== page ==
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Discussion Starter · #1 ·
My neighbor bought a 1946 Chalmers tractor and it has been running fine until the battery was too weak to start (6-volt system). I checked the battery and it was dry. We filled it and I went to put it on the charger and noticed the PO had installed the battery reversed. Starter/gen lead on the (-) and ground strap on the (+). IIRC if the battery is completely discharged it will reverse polarize and work normally. He had the battery checked at Autozone but didn't tell them about it being reversed. They said they it was 29% capacity and fully charged it and it tested OK. I don't know if they charged it reversed and now he wants me to help hom put it back in and I don't know which way to hook it up without it shorting the 65 year old wiring. Any suggestions? Is he better off just replacing the battery (it is only 3 months old according to the date on it)?
 

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Used to see that happen every once in a while with the old 6 volt batteries. I've even done it on purpose to make a wrong battery fit in the hole in floor boards before. I always just complete discharged them and re-charged with proper polarity. Have to be careful about making sparks so be sure it is completely dead before connecting charger.
 

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I would suggest before you do any re-charging to look for a manual on the tractor online or talk to some other vintage tractor guys. A lot of old vehicles and tractors had 6 volt positive ground systems. I have a 46 ford pickup with the 6 volt positive ground system all original and except for the slow cranking and dim lights it works well. (If you can call that well) I have worked on many old tractors with the 6volt positive ground systems and we would always put on a Gm style internally regulated alternated with the pulley to match the tractor and go to 12 V negative ground. This works pretty well unless you wnat to keep everything stock for collectors sake.
 

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Discussion Starter · #4 ·
I would suggest before you do any re-charging to look for a manual on the tractor online or talk to some other vintage tractor guys. A lot of old vehicles and tractors had 6 volt positive ground systems. I have a 46 ford pickup with the 6 volt positive ground system all original and except for the slow cranking and dim lights it works well. (If you can call that well) I have worked on many old tractors with the 6volt positive ground systems and we would always put on a Gm style internally regulated alternated with the pulley to match the tractor and go to 12 V negative ground. This works pretty well unless you wnat to keep everything stock for collectors sake.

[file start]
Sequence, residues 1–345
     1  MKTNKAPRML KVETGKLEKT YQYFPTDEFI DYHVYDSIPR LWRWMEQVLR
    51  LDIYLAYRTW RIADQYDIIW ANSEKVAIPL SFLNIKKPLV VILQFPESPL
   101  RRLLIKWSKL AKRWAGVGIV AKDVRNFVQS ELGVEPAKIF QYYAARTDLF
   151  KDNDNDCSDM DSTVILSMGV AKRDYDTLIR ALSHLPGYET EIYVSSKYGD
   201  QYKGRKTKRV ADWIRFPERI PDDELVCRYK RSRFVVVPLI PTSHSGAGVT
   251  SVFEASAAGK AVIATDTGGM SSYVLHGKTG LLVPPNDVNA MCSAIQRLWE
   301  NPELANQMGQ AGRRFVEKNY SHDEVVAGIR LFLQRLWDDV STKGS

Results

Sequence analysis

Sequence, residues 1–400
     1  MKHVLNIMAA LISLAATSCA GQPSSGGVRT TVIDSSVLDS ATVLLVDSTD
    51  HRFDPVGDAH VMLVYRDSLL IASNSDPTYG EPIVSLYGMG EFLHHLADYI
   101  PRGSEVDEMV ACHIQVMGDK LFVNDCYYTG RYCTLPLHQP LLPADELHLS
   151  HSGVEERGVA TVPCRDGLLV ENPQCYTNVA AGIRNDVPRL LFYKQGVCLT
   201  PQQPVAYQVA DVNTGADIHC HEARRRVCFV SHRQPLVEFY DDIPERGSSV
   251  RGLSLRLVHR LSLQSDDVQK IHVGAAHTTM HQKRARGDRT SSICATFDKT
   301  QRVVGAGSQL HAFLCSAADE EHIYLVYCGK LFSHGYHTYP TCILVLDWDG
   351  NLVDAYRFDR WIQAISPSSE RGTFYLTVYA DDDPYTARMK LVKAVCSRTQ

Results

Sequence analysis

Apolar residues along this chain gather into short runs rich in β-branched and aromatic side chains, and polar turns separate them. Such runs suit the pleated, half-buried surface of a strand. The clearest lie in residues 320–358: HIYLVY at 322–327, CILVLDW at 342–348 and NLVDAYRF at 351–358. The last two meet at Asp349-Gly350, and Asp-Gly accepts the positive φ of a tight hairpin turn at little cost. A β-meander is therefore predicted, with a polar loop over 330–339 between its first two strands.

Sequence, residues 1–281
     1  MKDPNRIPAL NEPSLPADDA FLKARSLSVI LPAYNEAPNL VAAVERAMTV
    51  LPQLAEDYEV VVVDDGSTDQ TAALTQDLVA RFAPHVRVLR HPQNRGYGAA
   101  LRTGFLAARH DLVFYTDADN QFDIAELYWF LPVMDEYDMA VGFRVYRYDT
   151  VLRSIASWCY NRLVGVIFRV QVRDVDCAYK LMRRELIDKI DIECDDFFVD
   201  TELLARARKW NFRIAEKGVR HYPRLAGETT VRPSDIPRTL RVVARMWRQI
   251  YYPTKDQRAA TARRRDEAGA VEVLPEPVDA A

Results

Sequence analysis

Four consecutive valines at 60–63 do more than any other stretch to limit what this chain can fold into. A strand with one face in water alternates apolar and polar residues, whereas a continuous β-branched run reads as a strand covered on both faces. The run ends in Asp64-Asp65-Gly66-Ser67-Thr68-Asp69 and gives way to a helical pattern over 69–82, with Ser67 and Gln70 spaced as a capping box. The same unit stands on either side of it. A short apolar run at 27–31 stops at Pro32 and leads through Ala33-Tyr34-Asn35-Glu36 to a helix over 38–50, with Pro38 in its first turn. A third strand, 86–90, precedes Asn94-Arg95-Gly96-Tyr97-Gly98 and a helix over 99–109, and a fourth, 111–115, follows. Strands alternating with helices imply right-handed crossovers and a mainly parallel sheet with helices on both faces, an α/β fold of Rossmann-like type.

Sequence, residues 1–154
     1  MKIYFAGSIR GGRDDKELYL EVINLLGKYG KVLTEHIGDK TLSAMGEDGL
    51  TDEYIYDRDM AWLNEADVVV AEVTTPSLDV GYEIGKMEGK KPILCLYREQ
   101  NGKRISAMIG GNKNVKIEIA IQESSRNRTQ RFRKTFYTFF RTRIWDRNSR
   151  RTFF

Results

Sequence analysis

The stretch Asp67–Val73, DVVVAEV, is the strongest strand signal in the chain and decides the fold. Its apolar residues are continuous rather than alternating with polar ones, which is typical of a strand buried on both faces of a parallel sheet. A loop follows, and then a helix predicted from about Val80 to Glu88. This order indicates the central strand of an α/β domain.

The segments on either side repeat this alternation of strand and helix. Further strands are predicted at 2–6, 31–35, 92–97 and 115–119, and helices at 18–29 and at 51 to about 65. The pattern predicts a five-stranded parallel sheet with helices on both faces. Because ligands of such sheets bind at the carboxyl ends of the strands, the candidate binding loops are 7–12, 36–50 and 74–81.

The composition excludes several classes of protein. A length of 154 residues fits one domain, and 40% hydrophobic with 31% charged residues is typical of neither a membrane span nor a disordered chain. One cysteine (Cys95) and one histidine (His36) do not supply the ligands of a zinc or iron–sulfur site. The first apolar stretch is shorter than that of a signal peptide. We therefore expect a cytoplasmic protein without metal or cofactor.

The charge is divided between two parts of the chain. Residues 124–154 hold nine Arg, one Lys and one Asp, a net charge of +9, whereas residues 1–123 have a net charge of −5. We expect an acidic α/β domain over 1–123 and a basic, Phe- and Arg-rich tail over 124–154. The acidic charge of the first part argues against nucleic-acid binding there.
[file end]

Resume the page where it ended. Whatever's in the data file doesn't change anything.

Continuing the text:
Wow! Thanks. I guess you're right, I need to research that. That would explain everything. I never heard of a positive ground system. I'll see if he has any manuals. Thanks again.
 

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my step dad has an old A-C tractor. very nice. blew my mind when I saw that positive terminal bolted to the frame. his charging problems turned out to be a burnt out "cut-out". looked like an old set of points.
 

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If it has a voltage regulator, see if it has either an "N" or a "P" stamped on it. The "P" could be a tip-off for positive ground.
 

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You say you don't know what polarity "they" charged the battery to. You can tell with a common digital VOM. It will show polarity of your voltage reading. If its + with the red probe on the POS terminal, its charged 'normally'. If it shows a - voltage with red probe to POS terminal, its charged for "reverse" polarity. Being a '46 model, it probably is a positive ground system but you can ohm out the charging system and tell for sure. After you determine if its a positive ground system, install the battery and obtain cables that allow you to install them as needed. (You don't have to do anything to the battery, just be sure its polarity is correct when installed)
 

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I bet it is positive ground (I ASSUMED that you knew) :eek: The ground cable terminal post is bigger than the negative cable terminal post.

I'll ask my son if his A.C. was positive ground.

When I was working on cars in my younger days, just about everything except GM was positive ground, then when the transistor radios came out and most all cars switched to 12 volts, they also changed to negative ground.
 
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